Tips to Know Before Renting Out Your Property
- Feb. 15, 2013
- Britany Linton
- Home Life
Many people have the idea that being a landlord is as simple as quitting your day job and collecting checks every month. Don't let this day dream fool you. There are several things you need to know prior to renting out your home to make sure you really want to be a landlord.
It's safe to say that, at times, things will fail to run smoothly. Although there are benefits of renting out a property, such as the tax breaks, the monthly income to help pay your bills, and the possibility of profiting, there are also plenty of responsibilities that come with the landlord title.
Stay on Top of Repairs
When preparing your home to be rented, make sure everything is in working condition. With more rentals on the market, renters are going to be choosier. Thoroughly clean your home and make sure all appliances are in good condition. Once your home is ready to rent, make a list of appealing features so you can make a great online post and so you won't be caught off guard if people come to look at the place. Also, stay mindful of the time of year during which you plan to rent. Renters generally move in particular seasons; March, April, May, June, July and August are typically the best times to locate a tenant, according to RentalsOnline.com. They also mentioned that words and adjectives that'll really help you get a renter include: "granite", "state-of-the-art", "stainless steel appliances", "vaulted ceilings", "maple", "gourmet", and "wood floors." Be sure to use any and all of the terms that apply to your home. When you find the right renters, make sure you stay on top of repairs as needed. The last thing you want is a huge list of things to fix once a tenant moves out. It is easier to afford and maintain if you fix little things as they happen.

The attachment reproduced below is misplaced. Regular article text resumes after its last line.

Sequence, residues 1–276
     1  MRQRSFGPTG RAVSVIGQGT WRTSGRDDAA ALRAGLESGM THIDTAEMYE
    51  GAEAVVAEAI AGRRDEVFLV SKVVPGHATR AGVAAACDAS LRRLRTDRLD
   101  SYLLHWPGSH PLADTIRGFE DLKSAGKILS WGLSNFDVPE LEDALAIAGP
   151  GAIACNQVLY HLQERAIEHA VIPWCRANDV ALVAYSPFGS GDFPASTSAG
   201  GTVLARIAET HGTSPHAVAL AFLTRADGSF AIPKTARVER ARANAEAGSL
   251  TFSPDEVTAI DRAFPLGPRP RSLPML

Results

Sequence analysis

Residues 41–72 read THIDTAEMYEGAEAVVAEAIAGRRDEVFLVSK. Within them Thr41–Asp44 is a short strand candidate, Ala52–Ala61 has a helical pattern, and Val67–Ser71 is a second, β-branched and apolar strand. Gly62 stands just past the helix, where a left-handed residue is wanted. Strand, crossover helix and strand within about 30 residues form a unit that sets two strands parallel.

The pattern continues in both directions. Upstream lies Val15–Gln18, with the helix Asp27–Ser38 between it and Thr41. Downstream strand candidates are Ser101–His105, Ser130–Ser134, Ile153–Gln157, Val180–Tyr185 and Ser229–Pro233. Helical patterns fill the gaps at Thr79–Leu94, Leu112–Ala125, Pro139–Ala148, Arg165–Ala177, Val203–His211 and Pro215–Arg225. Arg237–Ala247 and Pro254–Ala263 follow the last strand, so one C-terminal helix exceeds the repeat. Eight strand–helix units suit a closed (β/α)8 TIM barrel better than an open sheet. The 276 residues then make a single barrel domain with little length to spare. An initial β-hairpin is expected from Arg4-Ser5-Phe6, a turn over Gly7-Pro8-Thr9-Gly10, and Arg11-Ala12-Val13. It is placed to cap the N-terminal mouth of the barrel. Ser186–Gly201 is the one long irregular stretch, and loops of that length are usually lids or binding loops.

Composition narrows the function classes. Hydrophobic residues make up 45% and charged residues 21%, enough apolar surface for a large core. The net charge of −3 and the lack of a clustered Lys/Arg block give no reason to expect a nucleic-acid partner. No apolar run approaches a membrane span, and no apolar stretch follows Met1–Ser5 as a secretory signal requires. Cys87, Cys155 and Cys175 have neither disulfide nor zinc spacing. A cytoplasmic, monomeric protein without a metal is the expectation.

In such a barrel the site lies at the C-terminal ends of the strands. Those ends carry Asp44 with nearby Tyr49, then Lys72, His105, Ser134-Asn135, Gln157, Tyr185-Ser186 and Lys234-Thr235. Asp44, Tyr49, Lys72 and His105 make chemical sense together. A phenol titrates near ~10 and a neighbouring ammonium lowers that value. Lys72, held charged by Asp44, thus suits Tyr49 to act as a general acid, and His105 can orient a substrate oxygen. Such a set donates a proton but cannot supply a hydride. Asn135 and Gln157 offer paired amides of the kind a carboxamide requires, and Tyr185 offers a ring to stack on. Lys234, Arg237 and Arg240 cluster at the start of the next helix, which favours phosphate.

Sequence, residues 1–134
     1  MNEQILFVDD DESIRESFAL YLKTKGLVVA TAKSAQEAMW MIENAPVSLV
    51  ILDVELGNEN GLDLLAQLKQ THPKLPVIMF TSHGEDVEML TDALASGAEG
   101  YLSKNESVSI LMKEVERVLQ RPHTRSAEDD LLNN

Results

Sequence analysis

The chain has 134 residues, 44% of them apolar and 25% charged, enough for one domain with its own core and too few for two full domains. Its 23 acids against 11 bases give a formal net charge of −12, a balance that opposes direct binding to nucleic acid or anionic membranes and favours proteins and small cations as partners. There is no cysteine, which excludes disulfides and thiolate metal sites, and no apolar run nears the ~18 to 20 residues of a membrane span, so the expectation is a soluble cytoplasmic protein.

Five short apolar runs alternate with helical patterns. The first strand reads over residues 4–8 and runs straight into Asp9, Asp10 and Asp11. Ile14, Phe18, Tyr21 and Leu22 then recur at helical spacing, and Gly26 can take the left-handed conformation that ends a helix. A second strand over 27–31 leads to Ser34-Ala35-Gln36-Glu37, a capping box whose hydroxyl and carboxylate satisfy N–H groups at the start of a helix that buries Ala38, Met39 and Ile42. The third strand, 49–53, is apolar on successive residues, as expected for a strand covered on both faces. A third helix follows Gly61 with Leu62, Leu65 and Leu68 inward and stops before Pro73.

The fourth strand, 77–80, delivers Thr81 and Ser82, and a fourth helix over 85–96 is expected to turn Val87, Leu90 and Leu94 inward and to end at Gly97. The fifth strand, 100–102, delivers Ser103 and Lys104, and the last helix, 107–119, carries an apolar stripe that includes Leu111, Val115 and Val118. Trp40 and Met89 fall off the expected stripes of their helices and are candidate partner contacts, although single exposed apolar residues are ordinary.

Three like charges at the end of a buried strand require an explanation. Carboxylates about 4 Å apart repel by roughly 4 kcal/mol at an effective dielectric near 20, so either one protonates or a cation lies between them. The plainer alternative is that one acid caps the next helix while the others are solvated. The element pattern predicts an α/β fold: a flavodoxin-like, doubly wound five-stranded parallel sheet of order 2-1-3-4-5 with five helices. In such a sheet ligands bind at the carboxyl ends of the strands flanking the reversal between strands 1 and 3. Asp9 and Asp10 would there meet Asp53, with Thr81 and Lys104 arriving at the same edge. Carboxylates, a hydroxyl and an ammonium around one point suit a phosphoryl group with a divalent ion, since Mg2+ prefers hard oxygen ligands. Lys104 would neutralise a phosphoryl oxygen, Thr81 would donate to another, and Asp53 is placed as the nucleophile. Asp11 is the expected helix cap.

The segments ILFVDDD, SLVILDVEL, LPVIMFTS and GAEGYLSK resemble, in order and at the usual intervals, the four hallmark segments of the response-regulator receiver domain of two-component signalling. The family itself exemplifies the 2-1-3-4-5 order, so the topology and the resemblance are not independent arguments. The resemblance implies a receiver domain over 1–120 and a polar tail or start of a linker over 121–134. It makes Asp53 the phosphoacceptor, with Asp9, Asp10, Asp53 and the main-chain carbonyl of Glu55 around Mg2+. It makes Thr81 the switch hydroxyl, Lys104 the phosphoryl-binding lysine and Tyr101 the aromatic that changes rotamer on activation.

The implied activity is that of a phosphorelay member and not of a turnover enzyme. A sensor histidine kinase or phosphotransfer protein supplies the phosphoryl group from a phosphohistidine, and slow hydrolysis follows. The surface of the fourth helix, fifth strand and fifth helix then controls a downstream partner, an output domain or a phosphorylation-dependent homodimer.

Talk to a Professional
When becoming a new landlord it's important to make sure you are abiding by all tax laws and local property rules. Talking to a legal or tax professional can help you navigate the landlord-tenant laws, which vary from state-to-state, and help you understand your community's rules governing rental properties. They can also help you with drafting the lease, making sure that it follows local laws. Read up on some rules.
Another good question to ask a tax professional is if you qualify for tax deductions and which expenses are deductible. There are limits on how much you can deduct each year, and the amount you are able to deduct may differ with the rental activity reported on your tax return.
Set a Competitive Price
Know what other rental properties in the area are going for. Remember that potential tenants have been looking at other places and comparing prices. Make sure your price is competitive and don't forget to highlight the valuable aspects of your home.
When initially setting the price, consider the expenses associated with maintaining the property. Renting your home carries many of the same expenses that come with living in it, including mortgage payments, utilities, insurance, repairs and maintenance. Compare the costs of upkeep with that of similar properties in the area to set a reasonable price that won't leave you in the negative each month.
Screen Tenants Carefully
As soon as your home is ready to hit the market, start looking for a tenant. When choosing a tenant you need to make sure you are very careful, remember Ronald Reagan's old adage: "Trust, but verify." This needs to be a person you can depend on to pay their rent on time and also treat your property with the same respect that you would. Important things you should gather are: references, employment history, names and numbers of previous landlords, and their credit histories. Talking to people they know is a good way to gauge character. Don't let your guard down during the screening process- after all this person is a complete stranger.
All in all, renting a home to a potential tenant during an economic slump is beneficial for both parties — but only if homeowners are willing to take the time to address and prevent the potential challenges with this option. After all, it's still your house and you want to protect it. Here are more helpful tips.